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Author Topic: 1DsIII vs Digital backs  (Read 37607 times)
KAP
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« Reply #40 on: August 22, 2007, 12:10:50 PM »
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I have to agree with you on that. There's a lot more work in terms of post processing, esp color and sharpness, using HDR to get better shadows, etc. Also, some of us have to resorted to 3rd party lenses like the Leica Rs and Zeiss to get the best out of the DSLRS. I have seen great P series shots coming straight out from C1 that didn't need post processing work. Clients are also more wow-ed by photographers with digital backs. And they usually don't say, "hey i have that camera too" when you are on a digital back.

That said, it's true CYMK levels the playing field by quite a lot, even for posters, etc.

Best
Wesley
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Not so shure.
I was in a book shop a few weeks back, I picked up a Joe Cornish or Charlie waite book (I can't remember which) it screamed 5x4, it wasn't even A4 size. I started picking up other books and comparing, it was soon obvious which where cheap digital, which were MF or even LF. I had never thought of comparing, the difference was like getting hit with a brick. I don't doubt someone has a set of formula that say at this size or that size you can't tel the difference, but I think of it like this, if going to press looses 15% of the originals quality, you need more quality to start with.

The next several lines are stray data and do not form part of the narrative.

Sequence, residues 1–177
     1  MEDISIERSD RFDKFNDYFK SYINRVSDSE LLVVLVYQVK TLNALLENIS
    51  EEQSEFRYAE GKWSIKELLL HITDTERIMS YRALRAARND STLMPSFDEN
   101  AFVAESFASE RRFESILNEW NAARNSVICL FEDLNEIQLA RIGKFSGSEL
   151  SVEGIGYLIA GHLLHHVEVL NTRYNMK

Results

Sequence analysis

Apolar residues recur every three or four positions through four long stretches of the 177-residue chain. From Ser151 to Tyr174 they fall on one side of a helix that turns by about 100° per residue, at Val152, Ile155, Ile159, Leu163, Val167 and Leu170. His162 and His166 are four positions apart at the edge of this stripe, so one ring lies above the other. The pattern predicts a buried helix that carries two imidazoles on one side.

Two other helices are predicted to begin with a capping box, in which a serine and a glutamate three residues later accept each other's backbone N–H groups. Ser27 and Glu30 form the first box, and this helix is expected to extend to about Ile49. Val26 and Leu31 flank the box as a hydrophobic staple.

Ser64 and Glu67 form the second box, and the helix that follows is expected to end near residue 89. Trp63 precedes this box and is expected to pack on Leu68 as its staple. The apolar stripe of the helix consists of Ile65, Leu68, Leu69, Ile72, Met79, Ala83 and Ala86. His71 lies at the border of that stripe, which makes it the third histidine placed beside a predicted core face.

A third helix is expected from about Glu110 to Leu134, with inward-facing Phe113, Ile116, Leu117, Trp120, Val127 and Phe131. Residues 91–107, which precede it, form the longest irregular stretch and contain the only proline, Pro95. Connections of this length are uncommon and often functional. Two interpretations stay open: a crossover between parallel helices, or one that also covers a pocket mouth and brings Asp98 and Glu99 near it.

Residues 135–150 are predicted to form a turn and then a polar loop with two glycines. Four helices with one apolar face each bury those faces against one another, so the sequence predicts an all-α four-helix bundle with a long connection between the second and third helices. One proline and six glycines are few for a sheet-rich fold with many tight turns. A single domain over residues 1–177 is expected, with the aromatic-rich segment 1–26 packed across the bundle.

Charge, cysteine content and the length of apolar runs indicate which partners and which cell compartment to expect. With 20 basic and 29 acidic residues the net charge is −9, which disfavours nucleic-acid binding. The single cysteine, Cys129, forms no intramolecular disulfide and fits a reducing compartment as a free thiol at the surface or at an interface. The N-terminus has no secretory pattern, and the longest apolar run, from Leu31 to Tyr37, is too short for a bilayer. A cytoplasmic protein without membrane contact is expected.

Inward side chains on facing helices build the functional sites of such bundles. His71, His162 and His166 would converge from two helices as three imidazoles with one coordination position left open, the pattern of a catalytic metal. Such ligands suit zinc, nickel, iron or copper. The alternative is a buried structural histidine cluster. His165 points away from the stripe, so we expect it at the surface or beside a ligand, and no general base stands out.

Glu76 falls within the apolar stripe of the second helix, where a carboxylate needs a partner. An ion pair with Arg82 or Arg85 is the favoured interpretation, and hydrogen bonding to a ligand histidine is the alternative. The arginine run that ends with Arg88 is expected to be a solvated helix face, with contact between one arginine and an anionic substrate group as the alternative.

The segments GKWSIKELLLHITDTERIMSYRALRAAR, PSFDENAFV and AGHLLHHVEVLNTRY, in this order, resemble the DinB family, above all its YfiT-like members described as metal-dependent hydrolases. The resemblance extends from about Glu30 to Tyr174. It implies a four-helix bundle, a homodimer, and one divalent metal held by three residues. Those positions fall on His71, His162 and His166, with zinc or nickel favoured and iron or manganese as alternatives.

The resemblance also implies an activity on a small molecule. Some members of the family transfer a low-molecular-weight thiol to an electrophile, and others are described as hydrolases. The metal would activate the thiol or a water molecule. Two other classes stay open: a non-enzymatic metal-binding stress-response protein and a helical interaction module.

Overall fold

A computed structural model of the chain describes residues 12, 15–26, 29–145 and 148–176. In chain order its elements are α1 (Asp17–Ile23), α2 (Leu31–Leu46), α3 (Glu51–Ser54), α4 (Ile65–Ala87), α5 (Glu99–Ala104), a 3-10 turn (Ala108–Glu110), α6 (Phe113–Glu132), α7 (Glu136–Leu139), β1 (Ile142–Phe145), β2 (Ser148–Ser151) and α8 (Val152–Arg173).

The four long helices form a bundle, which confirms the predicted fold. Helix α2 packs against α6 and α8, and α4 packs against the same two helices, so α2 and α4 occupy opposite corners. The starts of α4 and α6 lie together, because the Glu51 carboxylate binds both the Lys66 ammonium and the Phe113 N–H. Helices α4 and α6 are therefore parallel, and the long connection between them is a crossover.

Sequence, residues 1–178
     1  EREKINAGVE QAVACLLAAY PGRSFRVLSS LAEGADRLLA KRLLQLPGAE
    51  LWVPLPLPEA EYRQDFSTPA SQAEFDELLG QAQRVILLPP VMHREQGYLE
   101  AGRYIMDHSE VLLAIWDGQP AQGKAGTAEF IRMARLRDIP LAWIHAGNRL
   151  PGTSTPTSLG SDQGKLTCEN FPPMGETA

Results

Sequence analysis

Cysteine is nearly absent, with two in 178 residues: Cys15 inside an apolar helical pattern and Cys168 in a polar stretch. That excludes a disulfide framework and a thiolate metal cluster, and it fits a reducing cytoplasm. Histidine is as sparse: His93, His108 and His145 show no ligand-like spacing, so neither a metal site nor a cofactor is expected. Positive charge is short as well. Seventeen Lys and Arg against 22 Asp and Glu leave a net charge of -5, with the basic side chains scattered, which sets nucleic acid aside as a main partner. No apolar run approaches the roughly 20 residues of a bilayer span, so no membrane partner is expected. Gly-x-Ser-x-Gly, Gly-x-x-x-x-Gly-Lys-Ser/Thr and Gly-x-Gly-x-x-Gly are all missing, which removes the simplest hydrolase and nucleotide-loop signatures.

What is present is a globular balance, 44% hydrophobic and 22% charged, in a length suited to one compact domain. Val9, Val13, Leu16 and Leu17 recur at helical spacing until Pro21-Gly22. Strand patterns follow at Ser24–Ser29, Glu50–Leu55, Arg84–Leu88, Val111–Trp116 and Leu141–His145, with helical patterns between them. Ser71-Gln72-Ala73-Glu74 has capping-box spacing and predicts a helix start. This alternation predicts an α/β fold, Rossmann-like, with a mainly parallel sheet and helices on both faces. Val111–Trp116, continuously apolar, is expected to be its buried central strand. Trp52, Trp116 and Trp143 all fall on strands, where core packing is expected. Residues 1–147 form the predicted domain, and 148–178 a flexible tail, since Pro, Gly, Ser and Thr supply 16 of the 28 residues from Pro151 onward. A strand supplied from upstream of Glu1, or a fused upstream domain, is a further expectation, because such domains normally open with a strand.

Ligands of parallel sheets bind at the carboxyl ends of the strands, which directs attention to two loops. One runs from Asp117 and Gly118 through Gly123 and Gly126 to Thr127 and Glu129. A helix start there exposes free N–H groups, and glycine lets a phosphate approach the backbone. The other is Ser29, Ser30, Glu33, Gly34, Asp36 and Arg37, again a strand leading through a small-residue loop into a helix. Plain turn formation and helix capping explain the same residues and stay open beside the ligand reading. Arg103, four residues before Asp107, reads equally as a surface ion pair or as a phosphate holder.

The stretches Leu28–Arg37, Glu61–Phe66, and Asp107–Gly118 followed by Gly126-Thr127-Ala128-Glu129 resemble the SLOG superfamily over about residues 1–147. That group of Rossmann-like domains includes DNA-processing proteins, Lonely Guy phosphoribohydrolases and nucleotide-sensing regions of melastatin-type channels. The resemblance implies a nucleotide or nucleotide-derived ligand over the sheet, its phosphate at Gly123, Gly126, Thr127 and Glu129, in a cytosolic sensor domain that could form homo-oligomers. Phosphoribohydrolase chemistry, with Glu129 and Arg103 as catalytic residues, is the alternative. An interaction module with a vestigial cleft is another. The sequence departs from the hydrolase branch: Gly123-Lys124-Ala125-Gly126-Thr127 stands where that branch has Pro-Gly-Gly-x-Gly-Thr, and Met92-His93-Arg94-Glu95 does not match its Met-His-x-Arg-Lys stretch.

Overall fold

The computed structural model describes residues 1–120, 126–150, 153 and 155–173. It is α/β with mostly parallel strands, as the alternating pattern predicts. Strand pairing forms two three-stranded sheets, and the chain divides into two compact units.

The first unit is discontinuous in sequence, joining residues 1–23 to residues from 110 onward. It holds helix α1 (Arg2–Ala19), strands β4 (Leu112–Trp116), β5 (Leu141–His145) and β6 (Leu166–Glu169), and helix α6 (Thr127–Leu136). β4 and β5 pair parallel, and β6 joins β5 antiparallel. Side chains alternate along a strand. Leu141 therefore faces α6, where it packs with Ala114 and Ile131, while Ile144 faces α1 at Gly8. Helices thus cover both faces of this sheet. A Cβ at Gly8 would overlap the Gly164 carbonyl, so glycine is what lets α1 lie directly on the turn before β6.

I have been wanting to test some MF backs, but I'm just to busy, I have been wondering about getting the new Canon as an upgrade to my 1DsmkII instead. The more I think of it and sum up what it has to offer and knowing this is the best Canon for a couple of years the more a top end back makes sense.

Kevin.
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« Reply #41 on: August 22, 2007, 02:00:49 PM »
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Not so shure.
I was in a book shop a few weeks back, I picked up a Joe Cornish or Charlie waite book (I can't remember which) it screamed 5x4, it wasn't even A4 size. I started picking up other books and comparing, it was soon obvious which where cheap digital, which were MF or even LF. I had never thought of comparing, the difference was like getting hit with a brick. I don't doubt someone has a set of formula that say at this size or that size you can't tel the difference, but I think of it like this, if going to press looses 15% of the originals quality, you need more quality to start with.
I have been wanting to test some MF backs, but I'm just to busy, I have been wondering about getting the new Canon as an upgrade to my 1DsmkII instead. The more I think of it and sum up what it has to offer and knowing this is the best Canon for a couple of years the more a top end back makes sense.

Kevin.
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Hello Kevin,

I know exactly what you mean, I stand partially corrected. Those photography art books really have a way with high quality CYMK, and you are right, the LF images really pops. That said, I have learned that high end processes are used certain photo art books that will separate the wheat from the chaff. I am more familiar with publicity/ad CYMK process due to the nature of my work. I have written the post with reference to that area.

Best regards
Wesley
« Last Edit: August 22, 2007, 02:01:25 PM by wesley » Logged

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« Reply #42 on: August 22, 2007, 02:08:27 PM »